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Before reaching the ocean, the Colorado River becomes a trickle. New research reveals where it goes

The Colorado River is a 1,450-mile-behemoth, its raging waters carving their way through seven U.S. and two Mexican states. It is arguably the central attraction of the Grand Canyon, one of the world’s most famous natural wonders. But it does more than look beautiful — some forty million people depend on the river for their water and hydroelectric power, not to mention the fish and wildlife who also share it with us....

Originally posted on salon.com

Buzzkill: Climate change could destroy the coffee industry. Here’s how we can still save it

Our industrial society is underpinned by drug use, though we don’t typically think of it as such. After all, two out of three Americans drink coffee daily, according to the National Coffee Association. The American coffee market is expected to exceed $28 billion in 2024 and the industry creates 2.2 million jobs a year, which in turn generates more than $100 billion in wages for employees....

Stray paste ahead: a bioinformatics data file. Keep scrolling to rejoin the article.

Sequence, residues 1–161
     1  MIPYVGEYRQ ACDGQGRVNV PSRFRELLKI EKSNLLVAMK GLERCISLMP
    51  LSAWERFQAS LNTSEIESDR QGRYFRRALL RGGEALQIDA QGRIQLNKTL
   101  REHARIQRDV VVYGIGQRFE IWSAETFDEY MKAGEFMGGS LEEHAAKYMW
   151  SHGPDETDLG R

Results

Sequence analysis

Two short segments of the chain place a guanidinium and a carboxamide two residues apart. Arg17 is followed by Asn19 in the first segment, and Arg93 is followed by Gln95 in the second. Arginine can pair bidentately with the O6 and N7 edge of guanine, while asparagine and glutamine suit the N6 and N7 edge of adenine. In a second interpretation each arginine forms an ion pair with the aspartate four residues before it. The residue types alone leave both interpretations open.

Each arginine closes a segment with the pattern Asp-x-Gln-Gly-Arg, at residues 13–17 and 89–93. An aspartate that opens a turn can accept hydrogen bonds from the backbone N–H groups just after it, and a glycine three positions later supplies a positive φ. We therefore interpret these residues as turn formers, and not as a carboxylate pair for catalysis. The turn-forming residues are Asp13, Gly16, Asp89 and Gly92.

Originally posted on salon.com

This is what the world will look like in 100 years if we do nothing to stop climate change

Aside from its meteorological effects, climate change is also wreaking havoc on our minds: Younger generations are bitterly denouncing their elders in climate protests and mental illnesses are spreading as people feel powerless to avert catastrophe. 

“The floods and fires, droughts and lethal heatwaves we are experiencing today will become much more common and more severe.”

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Originally posted on salon.com

What happens when we run out of water? Thanks to climate change, a dystopian premise is coming true

Arguably the most important question for humanity in the 21st century is how we will adapt to climate change. While climate change is a multifaceted problem that is going to wreak all kinds of havoc on Earth and its life, humans will inevitably need to focus on preserving resources that are most fundamental to sustaining us....

Originally posted on salon.com